Movie City Indie Archive for November, 2012

Trailering “Girls: Season 2″ (1’51”)

Mihai Malaimare Jr. Talks The Master At Camerimage (5’51”)

Deep Inside James Lipton (3’08”)


[Via VF.]

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THR’s “The Directors: Full Uncensored Interview” With Lee, Russell, Hooper, Van Sant, Affleck, QT (1″01’02”)

Let’s just sample some Quen-teen: “When I’m writing, it’s about the page. It’s not about the movie. It’s about the literature of me putting my pen to paper and writing a good page, and making it work completely. Now it’s mine to fuck up if I go forward with it I always go forward with it. But I want to love that script so much that I’m tempted to stop. There’s stuff that’s in the script that I know will never ever make the movie, but it just makes the book—the piece of literature—better. It’s a better read. It’s more emotionally satisfying. Then just like you do with an adaptation, you peel a lot of that stuff away.”

“Kaiju Attack”: Guillermo Del Toro Lets Some Anger Out (0’54”)

Sundance13: Teasing Shane Carruth’s UPSTREAM COLOR

[Via.]

In Italy, LOOPER Takes Place In Torronah

[Click twice for largest.]

Paul Thomas Anderson Q&As THE MASTER In Melbourne (1″00’01”)

“Durch die Nacht”: James Ellroy And Bruce Wagner Prowl L. A. (52’04”)

[Via Edward Champion.]

Peter Jackson On THE HOBBIT Post-Production, 2 Days Out (14’06”)

Slanging With James Ellroy (13’52”)

LA Review Of Books’ Tom Lutz talks to James Ellroy in Victor’s Deli about his new e-novella, “Shakedown,” and the true-life character of Fred Otash, scandal monger and shakedown artist.

Frank Darabont Masterclass at Zurich Film Festival (1″48’22”)

Trailering Wong Kar-wai’s THE GRANDMASTERS (2’45”, subs)

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[Translated by Andrew Chan for Film Comment.]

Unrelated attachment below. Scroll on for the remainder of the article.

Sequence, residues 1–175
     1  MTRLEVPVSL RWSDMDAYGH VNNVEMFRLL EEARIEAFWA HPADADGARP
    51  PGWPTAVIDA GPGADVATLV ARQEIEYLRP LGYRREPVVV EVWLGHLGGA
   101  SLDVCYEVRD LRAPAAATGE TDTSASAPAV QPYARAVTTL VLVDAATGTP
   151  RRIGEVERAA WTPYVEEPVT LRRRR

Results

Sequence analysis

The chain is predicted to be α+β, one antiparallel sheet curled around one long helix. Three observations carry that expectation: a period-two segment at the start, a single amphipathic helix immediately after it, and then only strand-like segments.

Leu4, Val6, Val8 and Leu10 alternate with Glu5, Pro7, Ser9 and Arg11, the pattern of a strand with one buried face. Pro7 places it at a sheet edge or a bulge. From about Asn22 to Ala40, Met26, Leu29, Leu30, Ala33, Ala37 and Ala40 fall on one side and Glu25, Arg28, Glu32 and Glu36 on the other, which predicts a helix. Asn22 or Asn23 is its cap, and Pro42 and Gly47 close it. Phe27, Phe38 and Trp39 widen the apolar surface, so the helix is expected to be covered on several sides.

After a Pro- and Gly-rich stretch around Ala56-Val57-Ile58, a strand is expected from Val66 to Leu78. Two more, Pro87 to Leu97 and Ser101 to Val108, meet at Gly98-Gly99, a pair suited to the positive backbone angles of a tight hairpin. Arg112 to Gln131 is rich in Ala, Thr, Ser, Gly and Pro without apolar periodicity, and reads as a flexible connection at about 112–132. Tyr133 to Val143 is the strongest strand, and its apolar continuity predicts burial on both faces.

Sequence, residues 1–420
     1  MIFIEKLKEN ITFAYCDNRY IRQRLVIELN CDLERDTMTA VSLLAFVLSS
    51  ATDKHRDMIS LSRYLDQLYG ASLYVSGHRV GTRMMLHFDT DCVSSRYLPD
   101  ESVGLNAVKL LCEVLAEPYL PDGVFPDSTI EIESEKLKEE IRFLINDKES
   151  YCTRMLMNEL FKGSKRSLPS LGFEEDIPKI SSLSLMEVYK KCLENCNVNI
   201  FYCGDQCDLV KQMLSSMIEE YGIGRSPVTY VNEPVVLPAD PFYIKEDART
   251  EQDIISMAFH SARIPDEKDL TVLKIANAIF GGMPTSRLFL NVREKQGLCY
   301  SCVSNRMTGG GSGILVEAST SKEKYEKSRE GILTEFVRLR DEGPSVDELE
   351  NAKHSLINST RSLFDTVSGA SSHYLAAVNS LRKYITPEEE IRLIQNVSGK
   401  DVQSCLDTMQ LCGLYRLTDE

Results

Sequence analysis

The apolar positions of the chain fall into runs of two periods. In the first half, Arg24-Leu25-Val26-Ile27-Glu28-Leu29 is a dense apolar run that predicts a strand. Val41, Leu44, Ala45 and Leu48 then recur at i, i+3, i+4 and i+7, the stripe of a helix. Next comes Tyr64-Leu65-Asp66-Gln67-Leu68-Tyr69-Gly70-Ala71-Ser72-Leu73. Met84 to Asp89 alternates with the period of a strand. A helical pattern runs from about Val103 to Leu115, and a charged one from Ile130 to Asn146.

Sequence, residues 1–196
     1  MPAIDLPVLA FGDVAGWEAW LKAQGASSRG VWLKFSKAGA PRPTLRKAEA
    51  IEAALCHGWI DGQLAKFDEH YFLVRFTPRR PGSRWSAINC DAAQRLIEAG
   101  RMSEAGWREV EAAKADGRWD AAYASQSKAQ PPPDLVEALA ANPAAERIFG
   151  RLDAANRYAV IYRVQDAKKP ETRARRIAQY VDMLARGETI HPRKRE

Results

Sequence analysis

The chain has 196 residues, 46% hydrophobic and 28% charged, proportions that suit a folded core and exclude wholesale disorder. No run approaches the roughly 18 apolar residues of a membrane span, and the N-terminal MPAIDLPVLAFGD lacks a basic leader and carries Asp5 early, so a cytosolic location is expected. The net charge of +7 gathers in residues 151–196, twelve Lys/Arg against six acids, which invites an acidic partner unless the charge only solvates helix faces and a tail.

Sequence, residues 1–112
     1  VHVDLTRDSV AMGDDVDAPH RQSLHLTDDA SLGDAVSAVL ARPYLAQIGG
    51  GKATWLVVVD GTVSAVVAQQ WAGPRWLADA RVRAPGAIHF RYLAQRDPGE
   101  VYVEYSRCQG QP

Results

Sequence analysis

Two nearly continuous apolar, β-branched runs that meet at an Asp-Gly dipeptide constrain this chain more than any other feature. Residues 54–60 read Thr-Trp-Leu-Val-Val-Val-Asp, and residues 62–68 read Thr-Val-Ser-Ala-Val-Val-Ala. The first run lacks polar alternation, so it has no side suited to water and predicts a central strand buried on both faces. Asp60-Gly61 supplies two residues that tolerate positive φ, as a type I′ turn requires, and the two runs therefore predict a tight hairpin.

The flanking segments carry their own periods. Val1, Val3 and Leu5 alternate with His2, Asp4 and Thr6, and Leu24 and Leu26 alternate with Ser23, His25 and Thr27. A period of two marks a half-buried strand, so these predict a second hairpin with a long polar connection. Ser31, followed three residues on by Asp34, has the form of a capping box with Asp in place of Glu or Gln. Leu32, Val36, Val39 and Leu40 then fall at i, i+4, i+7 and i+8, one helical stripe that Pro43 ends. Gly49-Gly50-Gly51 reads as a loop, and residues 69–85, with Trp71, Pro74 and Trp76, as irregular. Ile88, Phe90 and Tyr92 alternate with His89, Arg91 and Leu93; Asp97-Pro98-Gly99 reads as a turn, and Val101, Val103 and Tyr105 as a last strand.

Movie City Indie

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“I always thought that once I had lived in Chicago for a while, it would be interesting to do a portrait of the city – but to do it at a significant time. Figuring out when would be the ideal time to do that was the trick. So when this election came around, coupled with the Laquan McDonald trial, it seemed like the ideal time to do the story. Having lived in Chicagoland for thirty-five-plus years and done a number of films here, I’ve always been struck by the vibrancy of the city and its toughness. Its tenderness too. I’ve always been interested in the people at the center of all the stories. This is a different film in that regard, because we’re not following a couple of individuals over the course of the project in the way that a lot of the films I’ve done have, but I still feel like people’s voices and aspirations and hopes are at the center of this series.

It wasn’t easy. We started back in July 2018, it was actually on the Fourth of July – that was our first shoot. It’s like most documentaries in that the further you go along the more involved and obsessed you get, and you just start shooting more and more and more. We threw ourselves into this crazy year in Chicago. We got up every day and tried to figure out if we should be out shooting or not, and what it is we should shoot. We were trying to balance following this massive political story of the mayor’s race and these significant moments like the Laquan McDonald trial with taking the pulse of people in the city that we encounter along the way and getting a sense of their lives and what it means to live here. By election day, Zak Piper, our producer, had something like six cameras out in the field. You could double-check that, it might have been seven. We had this organized team effort to hit all the candidates as they were voting, if they hadn’t already voted. We hit tons of polling places, were at the Board of Elections and then were at the parties for the candidates that we had been able to follow closely. Then of course, we were trying to make sure we were at the parties of the candidates who made it to the runoff. So, yeah, it was kind of a monster.”
~ Steve James On City So Real

“I really want to see The Irishman. I’ve heard it’s big brother Martin Scorsese’s masterpiece. But I really can’t find the time. The promotion schedule is so tight, there’s no opportunity to see a three and a half-hour movie. But I really want to see it. In 2017, right before Okja’s New York premiere, I had the chance to go to Scorsese’s office, which is in the DGA building. There’s a lovely screening room there, too, with film prints that he’s collected. I talked to him for about an hour. There’s no movie he hasn’t seen, even Korean films. We talked about what he’s seen and his past work. It was a glorious day. I’ve loved his work since I was in college. Who doesn’t? Anyone involved with movies must feel the same way.”
~ Bong Joon-ho